Wednesday, March 07, 2012
Optical network components avoid sales bubble
The optical network components sector managed to avoid experiencing a sales bubble when slow sales during the first quarter of 2011 was followed by solid growth throughout the year.
According to a recent LightCounting study, the optical component market expanded by an impressive 36 percent during 2010. When growth occurs at such a rapid pace, economic experts begin to worry that the industry may hit a market bubble and face a sharp decline during the following year. During the early parts of 2011, those concerns were fueled by slow sales. Then something in the market shifted, revenues picked up again and optical components escaped the economic bubble and made their way into the tournament of emerging networking technologies that are rising fast.
By the time 2011 reached its conclusion, the optical components market had expanded by 7 percent, a significant decline from 2010, but still noteworthy growth in its own right.
Vladimir Kozlov, founder and CEO of LightCounting, explained that the high-end optical transceiver market experienced slow growth during the year, but not necessarily because of poor demand for products.
"Demand for optics remains strong in datacenters, as well as access and metro networks," said Kozlov. "Weaker than expected sales of high data rate transceivers in the second half of 2011 are probably related to many new products developed by component vendors in 2011 and introduced in early 2012. Having too many options to choose from complicates purchasing decisions, but we expect that the market will return to double-digit growth in 2012."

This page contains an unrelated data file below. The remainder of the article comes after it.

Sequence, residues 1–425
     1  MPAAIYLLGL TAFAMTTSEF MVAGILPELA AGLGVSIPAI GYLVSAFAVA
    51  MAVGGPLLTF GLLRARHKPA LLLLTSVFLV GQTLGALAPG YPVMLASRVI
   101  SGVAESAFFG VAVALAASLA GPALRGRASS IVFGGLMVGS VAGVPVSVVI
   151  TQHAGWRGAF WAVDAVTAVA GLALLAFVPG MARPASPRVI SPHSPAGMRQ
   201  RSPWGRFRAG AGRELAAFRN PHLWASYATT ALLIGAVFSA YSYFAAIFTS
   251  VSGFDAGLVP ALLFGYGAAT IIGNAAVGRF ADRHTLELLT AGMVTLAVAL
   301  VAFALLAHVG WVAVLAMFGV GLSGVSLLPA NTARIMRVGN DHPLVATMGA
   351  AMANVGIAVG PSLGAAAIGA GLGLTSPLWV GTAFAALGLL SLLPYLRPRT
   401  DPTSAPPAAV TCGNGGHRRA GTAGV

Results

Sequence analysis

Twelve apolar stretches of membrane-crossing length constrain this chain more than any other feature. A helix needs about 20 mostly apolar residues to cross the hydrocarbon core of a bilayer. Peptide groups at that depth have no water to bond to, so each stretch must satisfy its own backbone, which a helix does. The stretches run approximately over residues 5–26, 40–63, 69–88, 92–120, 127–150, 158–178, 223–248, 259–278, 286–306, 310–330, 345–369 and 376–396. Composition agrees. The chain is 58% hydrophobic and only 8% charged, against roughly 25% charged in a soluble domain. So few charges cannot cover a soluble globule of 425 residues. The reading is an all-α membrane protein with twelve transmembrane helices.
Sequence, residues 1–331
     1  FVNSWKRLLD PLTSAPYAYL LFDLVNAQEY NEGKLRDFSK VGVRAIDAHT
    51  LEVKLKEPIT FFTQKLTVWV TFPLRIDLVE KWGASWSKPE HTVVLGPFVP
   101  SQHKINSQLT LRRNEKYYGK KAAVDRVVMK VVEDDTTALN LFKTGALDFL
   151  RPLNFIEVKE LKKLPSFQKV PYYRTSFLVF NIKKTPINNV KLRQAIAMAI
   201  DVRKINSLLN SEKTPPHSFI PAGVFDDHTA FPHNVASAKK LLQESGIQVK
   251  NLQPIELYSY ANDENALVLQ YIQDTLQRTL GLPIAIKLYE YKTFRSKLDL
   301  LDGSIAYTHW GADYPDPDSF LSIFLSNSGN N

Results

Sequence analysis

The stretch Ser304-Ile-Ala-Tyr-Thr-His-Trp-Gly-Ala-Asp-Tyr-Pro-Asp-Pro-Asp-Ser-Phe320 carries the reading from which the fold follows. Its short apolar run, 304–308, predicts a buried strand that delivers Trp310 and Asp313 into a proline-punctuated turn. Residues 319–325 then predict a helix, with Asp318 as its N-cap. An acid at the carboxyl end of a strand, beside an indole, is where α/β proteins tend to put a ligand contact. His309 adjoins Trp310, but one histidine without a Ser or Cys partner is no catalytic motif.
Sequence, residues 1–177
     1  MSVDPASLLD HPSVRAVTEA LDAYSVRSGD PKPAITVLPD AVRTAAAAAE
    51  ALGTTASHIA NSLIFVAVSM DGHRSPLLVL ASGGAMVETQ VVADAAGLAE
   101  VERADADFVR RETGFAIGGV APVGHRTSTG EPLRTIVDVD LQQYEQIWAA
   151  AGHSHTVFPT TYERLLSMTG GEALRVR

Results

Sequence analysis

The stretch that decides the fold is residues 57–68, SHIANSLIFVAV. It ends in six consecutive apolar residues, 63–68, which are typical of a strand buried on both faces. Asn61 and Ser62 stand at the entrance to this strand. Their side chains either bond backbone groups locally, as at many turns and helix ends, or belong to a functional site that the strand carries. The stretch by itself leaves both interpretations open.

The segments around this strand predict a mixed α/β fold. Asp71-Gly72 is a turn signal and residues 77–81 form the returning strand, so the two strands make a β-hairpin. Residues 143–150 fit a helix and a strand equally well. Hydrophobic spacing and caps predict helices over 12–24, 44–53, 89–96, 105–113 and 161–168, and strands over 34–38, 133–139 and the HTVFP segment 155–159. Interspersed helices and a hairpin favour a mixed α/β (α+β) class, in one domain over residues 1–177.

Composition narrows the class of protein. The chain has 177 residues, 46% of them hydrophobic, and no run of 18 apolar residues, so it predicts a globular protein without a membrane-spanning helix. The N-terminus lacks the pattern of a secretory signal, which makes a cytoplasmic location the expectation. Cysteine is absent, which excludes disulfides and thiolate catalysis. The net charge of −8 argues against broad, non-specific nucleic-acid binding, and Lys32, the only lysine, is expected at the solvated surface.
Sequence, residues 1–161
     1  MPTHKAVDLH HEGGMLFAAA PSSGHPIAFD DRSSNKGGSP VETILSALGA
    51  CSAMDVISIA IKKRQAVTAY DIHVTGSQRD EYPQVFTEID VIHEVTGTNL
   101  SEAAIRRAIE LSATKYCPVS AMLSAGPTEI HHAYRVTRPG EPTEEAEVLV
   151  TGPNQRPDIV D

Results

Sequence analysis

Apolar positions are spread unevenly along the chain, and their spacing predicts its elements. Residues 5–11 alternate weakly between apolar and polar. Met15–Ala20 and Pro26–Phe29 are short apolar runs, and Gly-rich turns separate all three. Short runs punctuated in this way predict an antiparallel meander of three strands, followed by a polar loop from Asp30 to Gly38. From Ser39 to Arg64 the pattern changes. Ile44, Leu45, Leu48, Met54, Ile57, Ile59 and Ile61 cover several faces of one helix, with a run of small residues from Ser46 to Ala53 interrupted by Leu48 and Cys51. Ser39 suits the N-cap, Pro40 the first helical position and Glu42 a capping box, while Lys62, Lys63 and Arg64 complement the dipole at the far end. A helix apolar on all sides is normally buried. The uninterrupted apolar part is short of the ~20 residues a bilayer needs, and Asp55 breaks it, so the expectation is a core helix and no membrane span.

During 2011, the Ethernet transceiver market held out as one of the largest segments of the optical component industry, but FTTx-related equipment gained significant traction. According to the study, the FTTx component sector experienced the fastest rate of expansion within the sector, achieving 23 percent growth.
FTTx represents the fiber to the home, business and general premises market, an area in which many telecommunications companies are making investments. Delivering fiber-optic network connectivity to consumers and corporations is becoming increasingly important as emerging technologies raise global bandwidth requirements and a greater portion of the world's population is demanding high-performance connectivity options to support their day-to-day activities. To a great extent, existing copper infrastructure cannot keep pace with this need, making broader implementation of optical equipment essential to sustaining the internet's growth.
Perle has an extensive range of Managed and Unmanaged Fiber Media Converters to extended copper-based Ethernet equipment over a fiber optic link, multimode to multimode and multimode to single mode fiber up to 160km.